A total of $1.023 billion has been requested for Fiscal Year 1996
for the Department of Commerce's National Institute of Standards
and Technology. This is a 19.8 percent increase over the current
appropriation of $853.8 million. Consistent with President
Clinton's belief in high technology's ability to create jobs and
improve competitiveness, the Administration has regularly requested
significant growth for NIST. Congress has complied by granting
increases, although somewhat less than requested. However, some
key Republicans have opposed NIST's cooperative efforts with
The NIST programs consist of in-house laboratory research, and
technology development and outreach programs including the Advanced
Technology Program (ATP) and the Manufacturing Extension
Partnerships (MEP). A NIST news release states that the increases
will "bring its programs closer to the funding levels required for
the programs to have their maximum impact on U.S. economic growth."
A total of $490.9 million is requested for the ATP, an increase of
14.0 percent. According to NIST's budget "Highlights," the program
"provides cost-shared funding to individual companies and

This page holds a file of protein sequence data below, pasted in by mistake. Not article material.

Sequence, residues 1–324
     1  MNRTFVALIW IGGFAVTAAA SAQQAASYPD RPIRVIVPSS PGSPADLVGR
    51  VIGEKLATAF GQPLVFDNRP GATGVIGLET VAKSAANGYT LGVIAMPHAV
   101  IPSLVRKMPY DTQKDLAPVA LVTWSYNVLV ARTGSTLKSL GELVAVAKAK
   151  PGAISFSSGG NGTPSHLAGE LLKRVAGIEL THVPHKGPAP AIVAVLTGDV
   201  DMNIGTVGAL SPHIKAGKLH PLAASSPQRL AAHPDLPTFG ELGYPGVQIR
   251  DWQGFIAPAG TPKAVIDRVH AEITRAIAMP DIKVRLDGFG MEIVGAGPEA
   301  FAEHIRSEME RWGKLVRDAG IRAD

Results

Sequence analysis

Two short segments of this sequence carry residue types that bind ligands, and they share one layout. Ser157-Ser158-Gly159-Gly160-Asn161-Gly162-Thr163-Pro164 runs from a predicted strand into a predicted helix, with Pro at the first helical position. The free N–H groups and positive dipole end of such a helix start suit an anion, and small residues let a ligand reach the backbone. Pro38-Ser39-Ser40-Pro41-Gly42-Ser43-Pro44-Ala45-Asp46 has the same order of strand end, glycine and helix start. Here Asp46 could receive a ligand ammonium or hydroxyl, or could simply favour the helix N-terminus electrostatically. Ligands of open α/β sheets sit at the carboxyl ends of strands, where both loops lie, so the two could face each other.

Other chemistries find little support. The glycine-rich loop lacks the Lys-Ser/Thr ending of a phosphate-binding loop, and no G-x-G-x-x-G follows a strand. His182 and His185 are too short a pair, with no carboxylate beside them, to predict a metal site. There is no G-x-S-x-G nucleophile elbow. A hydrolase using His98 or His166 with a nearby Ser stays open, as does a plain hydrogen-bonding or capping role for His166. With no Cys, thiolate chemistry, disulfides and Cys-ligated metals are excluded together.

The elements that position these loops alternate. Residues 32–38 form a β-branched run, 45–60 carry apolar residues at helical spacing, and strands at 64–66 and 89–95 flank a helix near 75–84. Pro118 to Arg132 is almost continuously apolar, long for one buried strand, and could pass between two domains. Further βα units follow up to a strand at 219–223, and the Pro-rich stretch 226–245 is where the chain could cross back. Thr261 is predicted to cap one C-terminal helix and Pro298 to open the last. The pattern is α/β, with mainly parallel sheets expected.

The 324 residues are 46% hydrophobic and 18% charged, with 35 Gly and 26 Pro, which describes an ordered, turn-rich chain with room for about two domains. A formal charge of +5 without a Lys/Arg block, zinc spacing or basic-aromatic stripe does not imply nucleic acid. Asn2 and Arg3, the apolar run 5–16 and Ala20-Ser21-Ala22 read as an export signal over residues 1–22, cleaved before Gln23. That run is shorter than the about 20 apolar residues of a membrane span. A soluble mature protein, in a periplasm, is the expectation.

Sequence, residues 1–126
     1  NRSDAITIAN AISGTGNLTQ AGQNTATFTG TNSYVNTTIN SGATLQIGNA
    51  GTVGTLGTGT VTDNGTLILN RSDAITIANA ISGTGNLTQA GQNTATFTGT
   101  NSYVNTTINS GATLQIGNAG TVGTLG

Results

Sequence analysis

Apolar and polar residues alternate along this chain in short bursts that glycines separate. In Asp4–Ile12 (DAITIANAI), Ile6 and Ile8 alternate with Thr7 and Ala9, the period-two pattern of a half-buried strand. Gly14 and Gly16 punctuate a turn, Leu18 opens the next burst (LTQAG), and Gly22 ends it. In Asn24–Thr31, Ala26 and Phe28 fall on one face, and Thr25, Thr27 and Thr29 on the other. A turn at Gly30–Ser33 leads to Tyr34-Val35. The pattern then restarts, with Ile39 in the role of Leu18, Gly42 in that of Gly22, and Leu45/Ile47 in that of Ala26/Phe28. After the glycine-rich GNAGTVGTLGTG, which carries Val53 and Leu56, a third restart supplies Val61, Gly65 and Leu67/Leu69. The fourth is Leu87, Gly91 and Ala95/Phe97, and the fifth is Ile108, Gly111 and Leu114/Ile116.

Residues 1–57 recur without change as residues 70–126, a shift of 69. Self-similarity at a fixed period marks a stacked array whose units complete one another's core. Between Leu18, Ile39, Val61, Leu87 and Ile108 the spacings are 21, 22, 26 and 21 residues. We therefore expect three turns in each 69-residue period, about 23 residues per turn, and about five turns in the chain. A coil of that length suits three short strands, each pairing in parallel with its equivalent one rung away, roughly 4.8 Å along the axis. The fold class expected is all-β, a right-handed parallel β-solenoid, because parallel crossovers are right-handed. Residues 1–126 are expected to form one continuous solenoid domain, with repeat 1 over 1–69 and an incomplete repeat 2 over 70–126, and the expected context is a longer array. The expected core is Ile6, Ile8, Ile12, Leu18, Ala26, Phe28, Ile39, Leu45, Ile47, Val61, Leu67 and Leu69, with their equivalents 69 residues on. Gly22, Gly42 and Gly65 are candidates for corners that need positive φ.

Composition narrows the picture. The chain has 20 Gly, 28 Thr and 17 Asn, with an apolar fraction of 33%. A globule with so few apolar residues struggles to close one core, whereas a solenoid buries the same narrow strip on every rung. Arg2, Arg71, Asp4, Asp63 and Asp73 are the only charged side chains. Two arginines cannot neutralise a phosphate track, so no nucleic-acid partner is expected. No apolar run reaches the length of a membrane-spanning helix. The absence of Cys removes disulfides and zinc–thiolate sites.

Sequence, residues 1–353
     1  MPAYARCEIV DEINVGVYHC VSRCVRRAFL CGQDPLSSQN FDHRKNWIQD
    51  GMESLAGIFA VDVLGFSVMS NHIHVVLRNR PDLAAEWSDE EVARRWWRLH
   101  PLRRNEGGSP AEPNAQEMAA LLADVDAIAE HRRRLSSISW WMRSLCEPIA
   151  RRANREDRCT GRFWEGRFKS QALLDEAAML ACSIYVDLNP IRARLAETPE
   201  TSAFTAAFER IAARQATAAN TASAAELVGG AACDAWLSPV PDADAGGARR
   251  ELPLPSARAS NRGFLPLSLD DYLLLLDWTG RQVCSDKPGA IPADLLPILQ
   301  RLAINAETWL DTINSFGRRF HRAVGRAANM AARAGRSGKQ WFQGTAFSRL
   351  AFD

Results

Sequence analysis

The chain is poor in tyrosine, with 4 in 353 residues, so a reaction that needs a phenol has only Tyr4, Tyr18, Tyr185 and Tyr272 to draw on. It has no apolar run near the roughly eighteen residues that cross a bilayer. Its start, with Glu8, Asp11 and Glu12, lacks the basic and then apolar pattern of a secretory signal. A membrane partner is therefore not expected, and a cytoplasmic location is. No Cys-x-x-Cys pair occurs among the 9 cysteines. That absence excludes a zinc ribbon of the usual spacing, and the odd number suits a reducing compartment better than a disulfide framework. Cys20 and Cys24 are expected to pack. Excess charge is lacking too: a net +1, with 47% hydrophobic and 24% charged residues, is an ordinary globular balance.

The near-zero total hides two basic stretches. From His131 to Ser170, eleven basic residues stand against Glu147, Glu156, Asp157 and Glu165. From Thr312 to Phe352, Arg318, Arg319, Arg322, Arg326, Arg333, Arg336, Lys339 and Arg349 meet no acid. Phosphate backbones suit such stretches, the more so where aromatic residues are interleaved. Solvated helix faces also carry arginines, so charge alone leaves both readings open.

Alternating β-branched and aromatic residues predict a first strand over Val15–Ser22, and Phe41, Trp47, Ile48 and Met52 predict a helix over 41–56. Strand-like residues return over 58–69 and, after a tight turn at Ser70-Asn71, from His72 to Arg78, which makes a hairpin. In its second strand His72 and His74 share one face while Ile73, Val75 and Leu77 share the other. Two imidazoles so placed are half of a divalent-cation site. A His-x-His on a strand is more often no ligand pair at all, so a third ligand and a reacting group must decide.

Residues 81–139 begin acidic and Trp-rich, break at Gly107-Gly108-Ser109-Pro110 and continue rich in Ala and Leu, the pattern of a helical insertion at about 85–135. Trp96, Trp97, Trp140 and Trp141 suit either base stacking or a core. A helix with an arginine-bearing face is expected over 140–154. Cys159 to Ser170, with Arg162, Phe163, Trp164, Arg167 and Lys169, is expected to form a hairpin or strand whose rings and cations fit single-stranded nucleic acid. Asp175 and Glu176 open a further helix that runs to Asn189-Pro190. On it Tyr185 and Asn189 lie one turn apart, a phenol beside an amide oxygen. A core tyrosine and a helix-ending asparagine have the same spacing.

industry-led joint ventures for the development of high-risk,
potentially high-payoff technologies. The program's sole aim is to
develop enabling technologies that otherwise would not be pursued
at all or in the same market-critical time frame because of
technical risks and other obstacles that discourage private-sector
For the MEP, $146.6 million is requested, an increase of 61.8
percent. The "Highlights" states that "America's smaller
manufacturers are the backbone of the U.S. economy.... The
Manufacturing Extension Partnership helps these companies succeed
in the marketplace through a network of regional and local
extension centers providing hands-on technical assistance.... The
results are stronger, more competitive smaller manufacturers
producing more exports and retaining or expanding jobs...."
A total of $310.7 million is requested for NIST's intramural
laboratory research, representing an increase of 17.5 percent. All
areas of intramural research are designated for growth, with
Physics research receiving an increase of 2.3 percent to $28.1
million, and Materials Science & Engineering increasing 9.0
percent, to $54.3 million. The "Highlights" notes that "NIST
laboratory research supplies the measurement foundation that U.S.
industry depends upon to develop, produce, and market its products
and services. Since the Institute's establishment,...it
consistently has provided U.S. industry with world-class standards,
evaluated data, and measurement methods and technologies."
In addition, $69.6 million (a 7.7 percent increase) is requested
for construction and major renovation of NIST's laboratory
facilities. The 30- and 40-year-old facilities, the "Highlights"
says, "suffer from a lack of environmental controls,...and from a
variety of safety and systems capacity problems."
NOTE: FYI #21 stated that overall support for federal academic R&D
would grow by 7% in the FY96 budget request. The Administration
has corrected that figure to 1%.